Production Manager F Dolezal completes 40 years service with Bata
Everyone at East Tilbury will wish to join with Bata Record in extending sincere congratulations to Mr F Dolezal, the Company’s production Manager, who, tomorrow, completes 40 years service with the Bata Shoe Organisation. Nearly 30 of those years have been spent with British Bata, at East Tilbury, and Mr Dolezal declares they have been very happy years, during which the factory has grown out of bare fields and during which he has made many fiends.
He was jus 22 years of age when he first applied to the Bata Shoe Organisation for a job and was engaged by Mr F Kraus, now the Factory Manager at Maryport.
At that time he was an experienced operator on various machines used in the manufacture of women’s textile footwear. Although he did not know it at the time, it was a workshop which the late Tomas Bata, founder of the firm, supervised personally, to put into operation the first conveyor in the factory.
“My first meeting with Mr Bata was after a few minutes in the workshop, when I was working on a machine which had not been in use for some time. I did not realise when someone asked me if I could operate the machine that it was Mr Bata. When I told him I could, he said I could earn better wages than anyone in that case and I did for many months.”
After two years Mr Dolezal became first man in the department and in 1926 he was promoted foreman. “We were producing various styles of textile shoes for the home and export markets at the rate of 4,000 pairs a day and when we received an order for 500,000 pairs, I was able to get the department’s production up to 5,000 a day and it was settled at that figure until the completion of the order.
I was able to get the department’s production up to 5,000 a day and it was settled at that figure until the completion of the order.
“The same year I met a young man from the College who was a very good sportsman. I used to enjoy watching him. Today he is my managing director – Mr John Tusa.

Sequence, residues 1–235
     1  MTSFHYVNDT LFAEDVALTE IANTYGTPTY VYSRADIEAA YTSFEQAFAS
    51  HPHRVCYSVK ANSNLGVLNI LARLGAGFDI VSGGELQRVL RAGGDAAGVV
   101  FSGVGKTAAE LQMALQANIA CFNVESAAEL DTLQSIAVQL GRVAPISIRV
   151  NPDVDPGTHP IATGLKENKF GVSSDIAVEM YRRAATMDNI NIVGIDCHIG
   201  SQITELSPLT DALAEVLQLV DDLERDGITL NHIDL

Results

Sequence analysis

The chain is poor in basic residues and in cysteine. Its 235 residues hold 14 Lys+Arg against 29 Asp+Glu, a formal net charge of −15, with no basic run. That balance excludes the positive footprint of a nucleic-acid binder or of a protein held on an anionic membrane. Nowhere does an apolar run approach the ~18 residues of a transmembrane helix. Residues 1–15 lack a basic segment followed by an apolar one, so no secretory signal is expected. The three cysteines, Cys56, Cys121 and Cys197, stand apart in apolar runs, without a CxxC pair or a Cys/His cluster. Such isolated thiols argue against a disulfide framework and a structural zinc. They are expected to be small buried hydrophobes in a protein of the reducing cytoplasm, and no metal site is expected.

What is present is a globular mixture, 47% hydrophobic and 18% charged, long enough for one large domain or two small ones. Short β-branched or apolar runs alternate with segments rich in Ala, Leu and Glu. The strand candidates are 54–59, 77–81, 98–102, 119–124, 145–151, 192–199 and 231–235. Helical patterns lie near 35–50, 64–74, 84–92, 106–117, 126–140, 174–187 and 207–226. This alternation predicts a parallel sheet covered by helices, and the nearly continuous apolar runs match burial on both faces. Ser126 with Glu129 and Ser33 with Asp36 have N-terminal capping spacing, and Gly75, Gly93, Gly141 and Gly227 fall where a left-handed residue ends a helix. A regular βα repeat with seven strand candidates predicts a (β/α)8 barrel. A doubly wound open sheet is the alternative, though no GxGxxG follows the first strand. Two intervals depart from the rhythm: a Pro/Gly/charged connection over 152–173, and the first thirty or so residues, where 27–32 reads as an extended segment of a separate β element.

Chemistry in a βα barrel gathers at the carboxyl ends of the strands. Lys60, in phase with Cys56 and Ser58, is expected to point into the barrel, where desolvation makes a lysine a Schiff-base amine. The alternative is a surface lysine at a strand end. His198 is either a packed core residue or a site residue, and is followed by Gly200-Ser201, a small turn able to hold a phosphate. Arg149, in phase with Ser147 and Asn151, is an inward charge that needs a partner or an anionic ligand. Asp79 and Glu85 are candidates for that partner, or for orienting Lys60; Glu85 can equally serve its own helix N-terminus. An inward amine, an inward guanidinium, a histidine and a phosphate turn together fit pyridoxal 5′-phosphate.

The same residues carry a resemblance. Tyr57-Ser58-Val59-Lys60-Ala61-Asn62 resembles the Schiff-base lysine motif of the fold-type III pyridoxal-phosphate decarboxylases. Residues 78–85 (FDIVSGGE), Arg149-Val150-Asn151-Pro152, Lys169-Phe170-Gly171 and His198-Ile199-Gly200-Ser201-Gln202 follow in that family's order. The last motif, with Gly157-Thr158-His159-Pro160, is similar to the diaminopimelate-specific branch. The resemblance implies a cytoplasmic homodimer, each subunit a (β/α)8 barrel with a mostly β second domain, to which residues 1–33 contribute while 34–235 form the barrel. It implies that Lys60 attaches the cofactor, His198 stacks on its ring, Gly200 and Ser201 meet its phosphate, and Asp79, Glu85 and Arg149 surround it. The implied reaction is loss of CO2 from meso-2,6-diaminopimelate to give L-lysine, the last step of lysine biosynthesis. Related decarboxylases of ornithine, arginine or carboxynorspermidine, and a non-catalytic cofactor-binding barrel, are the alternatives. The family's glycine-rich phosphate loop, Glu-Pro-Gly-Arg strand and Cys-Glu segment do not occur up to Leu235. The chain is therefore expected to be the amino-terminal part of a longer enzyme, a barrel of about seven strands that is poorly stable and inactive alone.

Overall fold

“In 1928 I took over all textile production and by that time it was not so simple as in 1926 for we were using art silk, crepe-de-chene, brocade and textile and leather combinations. Most of the production was for England and the U.S.A.
“It was white crepe-de-chene shoes with a white leather lining which bought me to England in 1930 to settle claims. That was my first visit. Little did I imagine that in 1933 I would be sent to England again to help get the East Tilbury factory started.
“I can still remember, and I hope Mr Marcanik can too, one day when we all worked through to five o’clock in the morning to split one long conveyor into two smaller ones.
“At 7.30 the two conveyors were running and we were back at our jobs after a two hour break.
“In 1934 I was told to take over the leather factory for six months. Next year that six months will have stretched to 30 years and I do not regret a minute of it.
“My wife and I have enjoyed our years at East Tilbury. There were hard times in the beginning, as those “old hands” who were with us in those days know, but we were young and were building our future. There were disappointments, some became discouraged but time and education in shoemaking won in the end and are now reflected in the progress which has been made.
“I still enjoy the company of my friends and, until two years ago, I also enjoyed playing gold for 20 years.”